If one wants to build a more human social system (let’s call it socialism or by any other name), it’s epistemology must be sustained by the wisdom of uncertainty.

Doubt should not be paralyzing, though it must in fact be sufficiently dry to prevent the glue of the revolution from crystallizing, alienating and being alienated from the hands of its creators.

To teach about such a form of human socialism in a philosophy class would be nothing other than teaching how to think (and especially to doubt) about the question of how to build a society that allows us to continue doubting, building and living in the best possible way – for the featherless biped as well as the rest of the beings that accompany it on this cosmic ship of stones.

Erasmo Calzadilla

Erasmo Calzadilla: I find it difficult to introduce myself in public. I've tried many times but it doesn’t flow. I’m more less how I appear in my posts, add some unpresentable qualities and stir; that should do for a first approach. If you want to dig a little deeper, ask me for an appointment and wait for a reply.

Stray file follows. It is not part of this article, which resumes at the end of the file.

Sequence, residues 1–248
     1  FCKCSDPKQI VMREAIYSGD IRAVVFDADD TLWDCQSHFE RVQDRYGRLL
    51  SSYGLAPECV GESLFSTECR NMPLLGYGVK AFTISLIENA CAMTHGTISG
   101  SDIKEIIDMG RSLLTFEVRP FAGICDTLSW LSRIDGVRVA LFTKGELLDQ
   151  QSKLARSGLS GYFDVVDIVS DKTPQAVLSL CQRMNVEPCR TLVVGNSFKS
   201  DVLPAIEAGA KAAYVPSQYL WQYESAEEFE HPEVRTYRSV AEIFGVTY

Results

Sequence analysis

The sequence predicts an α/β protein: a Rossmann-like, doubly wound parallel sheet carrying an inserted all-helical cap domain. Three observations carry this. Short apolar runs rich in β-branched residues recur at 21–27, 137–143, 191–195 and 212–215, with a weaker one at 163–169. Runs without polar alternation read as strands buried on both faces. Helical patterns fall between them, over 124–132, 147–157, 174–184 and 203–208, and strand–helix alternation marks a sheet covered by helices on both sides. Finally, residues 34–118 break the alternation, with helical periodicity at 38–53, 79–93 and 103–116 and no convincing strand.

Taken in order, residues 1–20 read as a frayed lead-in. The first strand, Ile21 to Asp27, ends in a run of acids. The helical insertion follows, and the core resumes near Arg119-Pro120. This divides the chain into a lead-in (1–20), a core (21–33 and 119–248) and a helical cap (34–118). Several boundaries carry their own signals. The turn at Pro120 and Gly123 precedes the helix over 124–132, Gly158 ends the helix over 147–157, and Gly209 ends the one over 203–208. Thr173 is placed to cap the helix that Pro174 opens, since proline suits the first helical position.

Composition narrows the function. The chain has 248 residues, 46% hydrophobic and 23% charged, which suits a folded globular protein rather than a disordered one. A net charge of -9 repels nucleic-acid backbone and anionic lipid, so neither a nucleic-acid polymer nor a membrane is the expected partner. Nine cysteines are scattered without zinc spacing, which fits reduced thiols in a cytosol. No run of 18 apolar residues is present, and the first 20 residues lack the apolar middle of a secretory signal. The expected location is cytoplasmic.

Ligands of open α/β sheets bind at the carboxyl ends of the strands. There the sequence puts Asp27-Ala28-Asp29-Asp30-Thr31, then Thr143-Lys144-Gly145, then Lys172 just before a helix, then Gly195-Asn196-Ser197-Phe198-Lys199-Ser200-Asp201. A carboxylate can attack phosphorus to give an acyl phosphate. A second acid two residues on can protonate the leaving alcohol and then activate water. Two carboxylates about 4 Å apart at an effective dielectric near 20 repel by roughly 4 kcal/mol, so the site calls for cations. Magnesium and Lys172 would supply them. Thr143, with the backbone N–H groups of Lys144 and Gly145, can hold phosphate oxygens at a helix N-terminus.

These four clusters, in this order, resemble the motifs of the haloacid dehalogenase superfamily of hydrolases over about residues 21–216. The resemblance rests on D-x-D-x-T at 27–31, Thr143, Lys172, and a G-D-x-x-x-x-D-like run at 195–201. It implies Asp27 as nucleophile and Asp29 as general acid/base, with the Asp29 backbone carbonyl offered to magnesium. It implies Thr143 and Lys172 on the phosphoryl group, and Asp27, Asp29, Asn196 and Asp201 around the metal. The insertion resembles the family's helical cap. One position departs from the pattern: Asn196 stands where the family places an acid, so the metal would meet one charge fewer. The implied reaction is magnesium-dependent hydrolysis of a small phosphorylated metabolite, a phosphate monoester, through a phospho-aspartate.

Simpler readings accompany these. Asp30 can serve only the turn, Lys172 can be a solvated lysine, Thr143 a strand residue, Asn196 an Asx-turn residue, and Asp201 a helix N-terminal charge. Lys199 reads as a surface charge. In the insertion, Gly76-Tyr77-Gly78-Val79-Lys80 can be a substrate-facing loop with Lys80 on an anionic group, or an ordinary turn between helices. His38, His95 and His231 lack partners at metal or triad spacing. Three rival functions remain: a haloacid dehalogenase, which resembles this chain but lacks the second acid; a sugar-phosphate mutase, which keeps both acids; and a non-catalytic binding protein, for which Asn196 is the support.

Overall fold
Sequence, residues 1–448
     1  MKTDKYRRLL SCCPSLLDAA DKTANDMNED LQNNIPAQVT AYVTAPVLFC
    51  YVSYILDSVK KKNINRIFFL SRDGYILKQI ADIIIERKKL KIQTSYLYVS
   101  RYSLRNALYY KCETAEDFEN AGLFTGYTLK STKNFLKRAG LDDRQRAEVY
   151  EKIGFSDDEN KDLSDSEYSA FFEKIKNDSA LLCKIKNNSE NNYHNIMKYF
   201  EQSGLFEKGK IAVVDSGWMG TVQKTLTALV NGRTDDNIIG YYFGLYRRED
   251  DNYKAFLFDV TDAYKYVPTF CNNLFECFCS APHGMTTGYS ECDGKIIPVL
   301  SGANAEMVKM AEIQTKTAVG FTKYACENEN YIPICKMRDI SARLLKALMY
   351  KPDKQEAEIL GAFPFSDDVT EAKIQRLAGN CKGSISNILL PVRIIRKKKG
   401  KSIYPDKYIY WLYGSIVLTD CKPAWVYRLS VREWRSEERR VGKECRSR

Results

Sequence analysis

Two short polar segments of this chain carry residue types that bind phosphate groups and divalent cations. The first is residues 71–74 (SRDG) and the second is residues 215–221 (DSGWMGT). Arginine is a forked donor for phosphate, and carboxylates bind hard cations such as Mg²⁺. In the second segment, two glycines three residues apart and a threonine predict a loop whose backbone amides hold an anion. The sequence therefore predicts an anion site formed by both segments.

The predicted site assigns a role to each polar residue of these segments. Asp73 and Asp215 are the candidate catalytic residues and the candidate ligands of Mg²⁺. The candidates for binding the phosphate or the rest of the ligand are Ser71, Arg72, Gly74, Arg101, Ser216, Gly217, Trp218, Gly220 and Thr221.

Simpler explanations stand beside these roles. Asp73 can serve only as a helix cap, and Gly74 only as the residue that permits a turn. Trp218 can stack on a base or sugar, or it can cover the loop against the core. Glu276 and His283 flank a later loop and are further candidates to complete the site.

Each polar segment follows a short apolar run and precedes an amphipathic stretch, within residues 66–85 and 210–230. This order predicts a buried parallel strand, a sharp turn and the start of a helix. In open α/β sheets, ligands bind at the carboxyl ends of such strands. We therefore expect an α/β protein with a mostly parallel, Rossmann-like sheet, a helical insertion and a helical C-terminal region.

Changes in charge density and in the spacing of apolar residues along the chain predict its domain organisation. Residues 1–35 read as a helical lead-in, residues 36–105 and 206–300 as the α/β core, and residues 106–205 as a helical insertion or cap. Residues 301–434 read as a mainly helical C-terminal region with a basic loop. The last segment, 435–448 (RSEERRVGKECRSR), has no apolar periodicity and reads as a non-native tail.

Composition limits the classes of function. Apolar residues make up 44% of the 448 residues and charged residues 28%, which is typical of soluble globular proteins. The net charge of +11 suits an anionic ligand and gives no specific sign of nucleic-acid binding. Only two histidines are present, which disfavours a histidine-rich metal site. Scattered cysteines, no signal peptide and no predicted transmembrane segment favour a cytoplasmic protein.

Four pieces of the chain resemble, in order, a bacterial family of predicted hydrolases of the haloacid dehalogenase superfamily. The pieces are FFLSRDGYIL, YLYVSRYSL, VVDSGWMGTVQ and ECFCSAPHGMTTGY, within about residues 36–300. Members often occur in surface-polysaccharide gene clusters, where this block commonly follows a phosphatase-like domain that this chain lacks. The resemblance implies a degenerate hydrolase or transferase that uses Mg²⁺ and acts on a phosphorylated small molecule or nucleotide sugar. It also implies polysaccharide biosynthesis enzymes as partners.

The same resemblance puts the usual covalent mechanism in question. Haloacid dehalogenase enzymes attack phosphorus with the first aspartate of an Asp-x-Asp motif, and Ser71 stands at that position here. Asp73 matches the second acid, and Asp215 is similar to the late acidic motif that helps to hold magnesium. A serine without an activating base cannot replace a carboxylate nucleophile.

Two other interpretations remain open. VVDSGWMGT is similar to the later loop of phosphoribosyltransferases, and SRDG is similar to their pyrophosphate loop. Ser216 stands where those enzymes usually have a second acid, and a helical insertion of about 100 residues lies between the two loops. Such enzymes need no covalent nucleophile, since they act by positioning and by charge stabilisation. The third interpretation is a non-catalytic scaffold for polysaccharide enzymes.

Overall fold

8 thoughts on “Philosophy Based on Doubt

  • Michael, did you invent “Lake Mooselookmeguntic?” ha!

    You know, I’m not a “Proudhonist”–if there is such a thing–but I do consider his later conclusions a millioin miles closer to “workable” socialism than Engels and Marx ever came. His later conclusions regarding private property and the state are indeed key theoretical components of modern coop socialism.

    Bourgeois thinkers had said that the institution of private property is necessary for a free society. Proudhon seemed at first, in his youth, to have disagreed, calling private property “theft.” He changed his mind later however and agreed somewhat with bourgeois philosophers.

    He said that, yes, private property is necessary, in order to balance the raw power of the state & keep it from becoming tyrannical. This has been proven true by the Marxian/Stalinist experience of state socialism.